Generally speaking, the longer-term the trends you are trying to capture, the more wiggle-room your trailing stops need to give to current price action - this is to ensure that you are not stopped out due to a relatively minor retracement or price noise.
When starting to trade a new method or parameters, even if you have may be got the confidence of decent back testing results, there is still the big step into the unknown when it comes to dealing with the psychological element of letting profits evaporate when you have real money in the game.
This was brought home to me recently when discussing a long-term trend following system with an aspiring trend follower.
The basic method he was going to attempt to use was based simply on the 200 and 400 day moving average crossover, with a multiple of ATR used to calculate his initial stop distance.
I plugged these parameters into my charting package, and knew exactly which chart to go for...
Here is the current chart of Bitcoin, with those two moving averages overlaid. The last moving average crossover actually occurred in late 2015, when price was around the 450(!) level. If you assume an initial 5ATR stop, then that would have been placed at around the 325 level. Therefore, each unit of risk (1R) would equate to 125 points.
Now, as we all know, Bitcoin peaked at close to 20,000 last December. At the absolute extreme of the move, if you had the patience and discipline to keep holding your position for those two years, your profit would have (approximately) equated to something like +155R.
But the interesting bit relates to what has happened since then.
The subsequent price drop to price back to below the 6,000 level would have meant that open profits would have dropped to below +44R - still a handsome profit for sure, but a whopping 110R less than when the open profit was at its greatest!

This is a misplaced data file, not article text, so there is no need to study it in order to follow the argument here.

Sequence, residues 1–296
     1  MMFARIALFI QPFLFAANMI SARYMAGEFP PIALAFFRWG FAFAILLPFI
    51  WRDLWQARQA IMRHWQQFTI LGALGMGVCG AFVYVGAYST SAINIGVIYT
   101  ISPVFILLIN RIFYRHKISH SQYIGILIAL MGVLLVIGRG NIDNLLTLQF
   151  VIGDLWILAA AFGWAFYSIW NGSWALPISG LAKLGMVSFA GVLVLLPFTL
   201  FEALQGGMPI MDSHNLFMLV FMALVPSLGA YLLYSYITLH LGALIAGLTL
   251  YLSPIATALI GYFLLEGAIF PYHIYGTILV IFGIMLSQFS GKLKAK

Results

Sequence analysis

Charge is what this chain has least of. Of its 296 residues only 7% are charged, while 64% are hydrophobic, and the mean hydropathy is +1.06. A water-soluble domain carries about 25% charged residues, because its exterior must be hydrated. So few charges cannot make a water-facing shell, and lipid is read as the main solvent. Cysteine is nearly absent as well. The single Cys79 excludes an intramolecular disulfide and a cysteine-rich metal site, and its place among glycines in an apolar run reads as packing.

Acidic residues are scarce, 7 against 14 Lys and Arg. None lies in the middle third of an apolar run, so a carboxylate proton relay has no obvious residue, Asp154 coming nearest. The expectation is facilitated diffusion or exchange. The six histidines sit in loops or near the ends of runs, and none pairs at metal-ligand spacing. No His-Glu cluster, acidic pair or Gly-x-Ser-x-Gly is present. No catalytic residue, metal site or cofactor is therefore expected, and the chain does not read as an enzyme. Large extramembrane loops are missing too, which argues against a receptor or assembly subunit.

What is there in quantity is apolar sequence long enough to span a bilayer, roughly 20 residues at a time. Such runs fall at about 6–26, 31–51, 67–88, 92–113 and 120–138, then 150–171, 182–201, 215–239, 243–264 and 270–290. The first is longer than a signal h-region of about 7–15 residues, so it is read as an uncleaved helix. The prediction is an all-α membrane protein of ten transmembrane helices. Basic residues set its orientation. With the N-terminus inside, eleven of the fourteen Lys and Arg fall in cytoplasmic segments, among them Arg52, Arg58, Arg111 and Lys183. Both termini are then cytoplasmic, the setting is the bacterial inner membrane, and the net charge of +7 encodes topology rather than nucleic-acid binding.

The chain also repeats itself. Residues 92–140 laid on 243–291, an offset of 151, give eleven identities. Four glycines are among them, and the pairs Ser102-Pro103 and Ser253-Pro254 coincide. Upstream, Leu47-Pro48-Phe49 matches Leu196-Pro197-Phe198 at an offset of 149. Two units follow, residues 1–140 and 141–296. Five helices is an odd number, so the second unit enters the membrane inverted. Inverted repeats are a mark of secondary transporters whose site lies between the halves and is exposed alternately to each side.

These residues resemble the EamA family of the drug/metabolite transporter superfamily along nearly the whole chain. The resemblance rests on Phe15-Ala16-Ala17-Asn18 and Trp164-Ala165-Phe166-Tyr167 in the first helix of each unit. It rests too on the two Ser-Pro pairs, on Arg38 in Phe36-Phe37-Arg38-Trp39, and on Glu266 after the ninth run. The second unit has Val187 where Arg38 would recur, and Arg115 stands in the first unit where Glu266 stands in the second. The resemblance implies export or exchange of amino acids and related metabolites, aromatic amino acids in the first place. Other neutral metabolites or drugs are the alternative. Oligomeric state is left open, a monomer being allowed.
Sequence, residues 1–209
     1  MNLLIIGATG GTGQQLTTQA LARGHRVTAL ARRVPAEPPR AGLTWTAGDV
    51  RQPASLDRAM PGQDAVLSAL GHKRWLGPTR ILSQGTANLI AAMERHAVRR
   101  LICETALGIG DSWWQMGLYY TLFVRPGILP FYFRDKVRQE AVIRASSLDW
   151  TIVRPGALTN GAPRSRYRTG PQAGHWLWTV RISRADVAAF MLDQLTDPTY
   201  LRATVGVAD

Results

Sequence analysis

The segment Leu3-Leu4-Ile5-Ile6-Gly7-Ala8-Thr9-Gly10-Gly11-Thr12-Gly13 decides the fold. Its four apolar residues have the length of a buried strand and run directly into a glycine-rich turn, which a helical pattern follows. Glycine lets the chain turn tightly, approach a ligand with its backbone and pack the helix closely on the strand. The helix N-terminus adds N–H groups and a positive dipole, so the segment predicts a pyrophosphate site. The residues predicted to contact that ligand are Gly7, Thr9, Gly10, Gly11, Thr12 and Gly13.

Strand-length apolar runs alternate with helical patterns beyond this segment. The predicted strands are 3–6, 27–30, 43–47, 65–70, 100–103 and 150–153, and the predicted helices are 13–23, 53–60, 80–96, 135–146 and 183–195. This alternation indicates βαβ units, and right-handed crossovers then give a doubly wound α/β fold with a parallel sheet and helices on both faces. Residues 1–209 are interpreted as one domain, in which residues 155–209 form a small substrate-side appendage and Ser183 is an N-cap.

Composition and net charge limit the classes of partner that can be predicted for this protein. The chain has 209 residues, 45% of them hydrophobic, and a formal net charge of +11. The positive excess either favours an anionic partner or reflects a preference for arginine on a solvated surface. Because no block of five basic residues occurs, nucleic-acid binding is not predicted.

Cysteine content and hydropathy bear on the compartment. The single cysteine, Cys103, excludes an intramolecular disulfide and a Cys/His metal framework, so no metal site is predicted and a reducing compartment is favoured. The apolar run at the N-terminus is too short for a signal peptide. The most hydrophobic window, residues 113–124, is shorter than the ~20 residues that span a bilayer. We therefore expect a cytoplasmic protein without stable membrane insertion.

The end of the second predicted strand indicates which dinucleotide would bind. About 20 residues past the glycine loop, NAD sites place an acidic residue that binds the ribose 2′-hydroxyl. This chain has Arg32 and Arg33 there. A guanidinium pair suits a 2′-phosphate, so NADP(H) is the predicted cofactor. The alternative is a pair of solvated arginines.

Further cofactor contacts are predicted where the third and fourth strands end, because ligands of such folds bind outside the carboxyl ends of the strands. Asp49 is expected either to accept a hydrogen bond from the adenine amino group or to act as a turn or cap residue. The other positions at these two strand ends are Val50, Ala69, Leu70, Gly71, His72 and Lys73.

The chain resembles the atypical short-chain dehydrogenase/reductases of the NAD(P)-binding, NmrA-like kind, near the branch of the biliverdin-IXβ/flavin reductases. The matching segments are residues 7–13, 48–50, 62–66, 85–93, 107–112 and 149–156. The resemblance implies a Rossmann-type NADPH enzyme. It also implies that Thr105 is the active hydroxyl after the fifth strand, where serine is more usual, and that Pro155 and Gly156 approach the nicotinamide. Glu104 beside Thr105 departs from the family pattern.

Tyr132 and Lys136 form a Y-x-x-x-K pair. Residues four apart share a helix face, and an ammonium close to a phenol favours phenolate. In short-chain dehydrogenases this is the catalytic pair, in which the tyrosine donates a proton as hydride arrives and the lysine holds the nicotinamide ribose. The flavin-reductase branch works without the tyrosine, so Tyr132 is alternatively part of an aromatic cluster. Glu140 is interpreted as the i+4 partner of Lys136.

When teaching the Turtle traders, Richard Dennis told them to accept that they could easily lose 100% of their open profits - following the process was more important to him than the profit on any one individual trade.
As he saw it, if your trading rules got you into a new position, then it also should be your trading rules that would get you out of the position.
Famously, the heating oil trade during their initial training period showed that (at least to begin with) the majority of the Turtles did not follow the rules they were given.
Going back to our Bitcoin example, at no point since the entry in late 2015 have the two MA's crossed back over, meaning that, based on his rules, no exit signal has been generated.
So the big question I left with my trader friend to mull over was, from a psychological point of view, could he cope with an erosion of open profits of that magnitude?
As another example, look at the chart of the Dow with the same moving averages plotted - two profitable signals and one small losing signal given since 2010! But the latest signal in the second half of 2016 would have meant having to sit through all the volatility and the sharp price drop earlier this year.
And if you go back far enough in time, the 1987 stock market crash didn't trigger an exit signal on the Dow (shown below) - that came in April the following year, so again that type of long-term moving average crossover system would have meant sitting through Black Monday.
Was it a hypothetical question I gave my friend?
Absolutely, because until you are actually confronted with that type of situation nobody would actually know how they would react.
But it is these "well chosen examples" which we can learn from, and possibly adopt additional rules (such as how to control your level of open risk) which will help you deal with similar future situations.
Whatever rules you employ, traders who use a rules-based approach know at all times what they should do, but it is whether they can follow those rules when under pressure that is important - even if that potentially means giving away a big chunk of open profit.